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This is a question from the CFA exam. With respect to utility theory, the most risk-averse investor will have an indifference curve with : (a) greatest slope coefficient (b) most convexity The answer is A but I think B is also correct. The utility function is described by $U=E(r)-\frac{1}{2}A\sigma^2$ where A is the measure of risk aversion. I want to understand this mathematically. How should we measure convexity? Is this just the second derivative or the curvature? And why is B incorrect? enter image description here

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  • $\begingroup$ Is this question verbatim from the exam? It makes little sense to talk about the indifference "curve" of a mean-variance utility, which is just one single point. $\endgroup$ – Herr K. Apr 12 at 16:09
  • $\begingroup$ @HerrK. This is from utility theory from portfolio management. Yes, it is verbatim. They describe the utility function as a parabola. I have added a figure for better illustration. $\endgroup$ – Daniel Apr 12 at 16:20
  • $\begingroup$ I see. So the indifference is between expected return and risk. $\endgroup$ – Herr K. Apr 12 at 16:33
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It would seem that both options are correct given the specific mean-variance utility function.

Use $\mu$ to denote the expected value. In the $(\sigma,\mu)$-plain, an indifference curve representing a particular utility level $\overline U$ is given by \begin{equation} \overline U=\mu-\frac12 A\sigma^2. \end{equation} Applying implicit differentiation, we can obtain the slope of the indifference curve to be \begin{equation} \frac{\partial \mu}{\partial \sigma}=A\sigma, \end{equation} which is increasing in $A$, the parameter of absolute risk aversion. This shows that option (a) is correct.

Moreover, if we measure the degree of convexity of the indifference curve by the value of its second derivative, we'd get \begin{equation} \frac{\partial^2\mu}{\partial \sigma^2}=A, \end{equation} which is again increasing in $A$. This suggests that option (b) is also correct.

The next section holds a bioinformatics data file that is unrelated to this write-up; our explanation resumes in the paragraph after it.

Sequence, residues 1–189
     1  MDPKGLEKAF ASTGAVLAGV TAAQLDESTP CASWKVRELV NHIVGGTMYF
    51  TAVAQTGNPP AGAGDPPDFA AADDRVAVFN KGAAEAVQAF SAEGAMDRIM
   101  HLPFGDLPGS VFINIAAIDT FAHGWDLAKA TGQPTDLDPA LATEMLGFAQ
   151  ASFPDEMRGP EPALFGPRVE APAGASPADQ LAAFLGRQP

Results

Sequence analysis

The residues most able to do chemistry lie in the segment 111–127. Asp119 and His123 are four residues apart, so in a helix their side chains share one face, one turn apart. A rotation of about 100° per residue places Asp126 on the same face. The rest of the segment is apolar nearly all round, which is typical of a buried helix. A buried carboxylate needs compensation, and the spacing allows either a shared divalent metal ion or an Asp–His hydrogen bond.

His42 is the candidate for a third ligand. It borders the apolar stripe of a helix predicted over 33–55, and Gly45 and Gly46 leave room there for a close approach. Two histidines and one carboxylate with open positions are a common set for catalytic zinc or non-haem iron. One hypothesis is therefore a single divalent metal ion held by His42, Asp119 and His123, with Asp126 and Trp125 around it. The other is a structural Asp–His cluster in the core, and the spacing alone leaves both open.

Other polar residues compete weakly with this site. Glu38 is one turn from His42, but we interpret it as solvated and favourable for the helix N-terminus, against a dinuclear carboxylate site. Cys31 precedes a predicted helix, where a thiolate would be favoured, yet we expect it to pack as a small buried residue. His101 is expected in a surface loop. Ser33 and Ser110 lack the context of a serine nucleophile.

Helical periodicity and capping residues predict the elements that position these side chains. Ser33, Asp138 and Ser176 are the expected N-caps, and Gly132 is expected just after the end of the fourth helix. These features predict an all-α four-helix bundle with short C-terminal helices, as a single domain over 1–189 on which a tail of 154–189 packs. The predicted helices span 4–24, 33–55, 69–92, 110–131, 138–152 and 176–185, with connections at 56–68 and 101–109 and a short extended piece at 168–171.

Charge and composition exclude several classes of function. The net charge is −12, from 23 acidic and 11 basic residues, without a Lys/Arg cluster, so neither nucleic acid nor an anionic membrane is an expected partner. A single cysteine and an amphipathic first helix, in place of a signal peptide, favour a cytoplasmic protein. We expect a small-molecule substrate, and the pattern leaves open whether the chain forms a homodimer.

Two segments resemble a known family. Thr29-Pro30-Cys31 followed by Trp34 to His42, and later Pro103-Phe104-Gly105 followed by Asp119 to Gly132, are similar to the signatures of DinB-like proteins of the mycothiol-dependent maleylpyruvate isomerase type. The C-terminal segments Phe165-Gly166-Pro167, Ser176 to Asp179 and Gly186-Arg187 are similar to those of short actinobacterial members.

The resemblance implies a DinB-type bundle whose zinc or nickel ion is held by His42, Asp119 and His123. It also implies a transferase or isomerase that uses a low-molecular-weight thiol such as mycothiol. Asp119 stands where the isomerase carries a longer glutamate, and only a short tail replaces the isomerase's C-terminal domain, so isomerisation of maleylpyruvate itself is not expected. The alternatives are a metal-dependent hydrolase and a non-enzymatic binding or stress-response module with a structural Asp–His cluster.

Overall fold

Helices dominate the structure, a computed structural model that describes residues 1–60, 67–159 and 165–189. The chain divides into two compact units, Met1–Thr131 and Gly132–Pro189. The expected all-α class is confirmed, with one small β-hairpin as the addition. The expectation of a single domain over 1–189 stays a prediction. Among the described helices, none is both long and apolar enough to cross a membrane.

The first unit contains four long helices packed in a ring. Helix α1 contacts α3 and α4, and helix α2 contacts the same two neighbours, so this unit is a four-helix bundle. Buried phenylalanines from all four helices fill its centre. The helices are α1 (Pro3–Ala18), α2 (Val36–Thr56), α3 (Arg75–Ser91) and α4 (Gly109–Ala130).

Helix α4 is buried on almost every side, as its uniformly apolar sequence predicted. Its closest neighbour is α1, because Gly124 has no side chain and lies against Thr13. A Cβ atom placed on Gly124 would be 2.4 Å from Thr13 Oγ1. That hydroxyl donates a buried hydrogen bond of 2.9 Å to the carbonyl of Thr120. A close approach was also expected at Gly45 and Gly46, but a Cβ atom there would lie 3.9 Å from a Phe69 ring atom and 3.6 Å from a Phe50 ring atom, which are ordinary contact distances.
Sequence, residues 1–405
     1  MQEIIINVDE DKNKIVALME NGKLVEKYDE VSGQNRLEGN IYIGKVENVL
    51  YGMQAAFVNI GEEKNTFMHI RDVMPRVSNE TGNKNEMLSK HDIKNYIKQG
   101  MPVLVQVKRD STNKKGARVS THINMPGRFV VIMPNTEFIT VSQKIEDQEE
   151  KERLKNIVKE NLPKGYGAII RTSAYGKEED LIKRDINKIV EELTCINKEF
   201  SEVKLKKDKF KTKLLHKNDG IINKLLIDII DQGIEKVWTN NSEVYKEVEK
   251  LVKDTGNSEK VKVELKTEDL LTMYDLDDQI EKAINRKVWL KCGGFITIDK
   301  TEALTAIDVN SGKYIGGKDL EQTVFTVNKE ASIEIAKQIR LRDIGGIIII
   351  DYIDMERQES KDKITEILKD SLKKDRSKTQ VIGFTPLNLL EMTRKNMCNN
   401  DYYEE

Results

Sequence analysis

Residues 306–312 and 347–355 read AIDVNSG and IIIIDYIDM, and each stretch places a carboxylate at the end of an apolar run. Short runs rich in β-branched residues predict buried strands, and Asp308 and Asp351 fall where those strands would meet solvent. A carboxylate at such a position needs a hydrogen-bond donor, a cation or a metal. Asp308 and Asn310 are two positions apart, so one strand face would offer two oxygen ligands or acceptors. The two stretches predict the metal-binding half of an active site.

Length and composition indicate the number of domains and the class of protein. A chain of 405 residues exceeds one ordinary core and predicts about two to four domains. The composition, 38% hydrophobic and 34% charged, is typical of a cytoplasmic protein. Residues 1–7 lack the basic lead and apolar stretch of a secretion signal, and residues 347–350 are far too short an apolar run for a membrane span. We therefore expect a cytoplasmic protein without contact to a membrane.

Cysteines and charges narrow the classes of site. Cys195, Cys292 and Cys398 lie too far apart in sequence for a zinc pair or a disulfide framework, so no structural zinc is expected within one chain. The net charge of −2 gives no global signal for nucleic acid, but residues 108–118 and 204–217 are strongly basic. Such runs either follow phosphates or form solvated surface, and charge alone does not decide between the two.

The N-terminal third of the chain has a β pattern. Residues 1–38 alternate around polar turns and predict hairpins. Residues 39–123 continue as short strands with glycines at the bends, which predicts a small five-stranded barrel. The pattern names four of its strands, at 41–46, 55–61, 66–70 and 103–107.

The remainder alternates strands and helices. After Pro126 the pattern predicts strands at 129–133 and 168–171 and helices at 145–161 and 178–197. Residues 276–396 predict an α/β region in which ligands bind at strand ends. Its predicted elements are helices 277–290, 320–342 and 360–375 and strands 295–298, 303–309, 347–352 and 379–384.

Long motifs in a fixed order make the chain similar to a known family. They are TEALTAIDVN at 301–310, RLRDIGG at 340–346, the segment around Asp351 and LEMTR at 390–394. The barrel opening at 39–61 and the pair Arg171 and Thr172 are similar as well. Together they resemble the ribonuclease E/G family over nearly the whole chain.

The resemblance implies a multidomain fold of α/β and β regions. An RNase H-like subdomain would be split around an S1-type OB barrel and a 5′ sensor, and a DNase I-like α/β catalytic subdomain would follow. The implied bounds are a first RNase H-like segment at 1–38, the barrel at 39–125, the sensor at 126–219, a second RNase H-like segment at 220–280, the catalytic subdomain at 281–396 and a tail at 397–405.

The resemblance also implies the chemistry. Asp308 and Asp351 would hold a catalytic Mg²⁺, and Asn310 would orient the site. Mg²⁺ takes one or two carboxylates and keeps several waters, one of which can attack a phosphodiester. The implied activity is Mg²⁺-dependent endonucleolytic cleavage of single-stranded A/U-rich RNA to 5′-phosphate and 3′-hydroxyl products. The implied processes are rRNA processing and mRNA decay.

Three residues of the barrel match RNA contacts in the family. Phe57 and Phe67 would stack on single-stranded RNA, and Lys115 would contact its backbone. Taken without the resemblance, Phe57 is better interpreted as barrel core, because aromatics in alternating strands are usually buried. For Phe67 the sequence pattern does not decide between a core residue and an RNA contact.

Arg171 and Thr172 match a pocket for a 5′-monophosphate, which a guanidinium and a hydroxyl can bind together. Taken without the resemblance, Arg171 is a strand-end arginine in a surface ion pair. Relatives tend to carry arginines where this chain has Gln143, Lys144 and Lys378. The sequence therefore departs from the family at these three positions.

This conclusion seems consistent with the graph you show: within risk aversion, the indifference curves with higher curvature are also the ones with steeper slopes.

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  • $\begingroup$ Yeah, but I am suspecting convexity is not measured by the second derivative here. That's the only thing where it could go wrong. $\endgroup$ – Daniel Apr 12 at 20:30
  • $\begingroup$ @Daniel: The second derivative is the most natural measure, and I'm not aware of another way to measure the degree of a function's convexity. $\endgroup$ – Herr K. Apr 13 at 0:18
  • $\begingroup$ What about curvature as in multivariable calculus? Or the convexity approximation used in bond duration? $\endgroup$ – Daniel Apr 13 at 1:14
  • $\begingroup$ @Daniel: The multivariate notion does not apply here, since an indifference curve is essentially a real-valued function from $\mathbb R$ to $\mathbb R$. As measuring the degree of a function's convexity is more of a math problem, you may want to ask that on MSE. $\endgroup$ – Herr K. Apr 13 at 1:56
  • $\begingroup$ we may need to first parametrize the function and then take the curvature $\kappa$ $\endgroup$ – Daniel Apr 13 at 2:59
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This seems to be specific to the CFA exam and is a badly formulated question. First, an indifference curve for some fixed utility level can be viewed as a function mapping $\sigma$ to $\mu$. At any value of $\sigma$, this function has a slope (which is given by $\sigma A$). No economist would call this a "slope coefficient" in this context, as this term is only used in regression analysis. Second, convexity is a property of a function, not a quantity, so it makes little sense to use the term "most convexity".

If the second derivative (which is $A$) is used as a measure of "convexity", then both answers A and B are correct, which makes no sense in the context of a single choice exam question.

If the curvature of the function is used as a measure of "convexity", then this curvature is first increasing and then decreasing in $A$, so for a given value of $\sigma$ you can indeed have two investors with the first having a higher "slope coefficient" but a lower "convexity" than the second. With this interpretation, only answer A is correct. However, I doubt that it was this what the exam authors had in mind. I think it is more likely that they just posed a stupid question.

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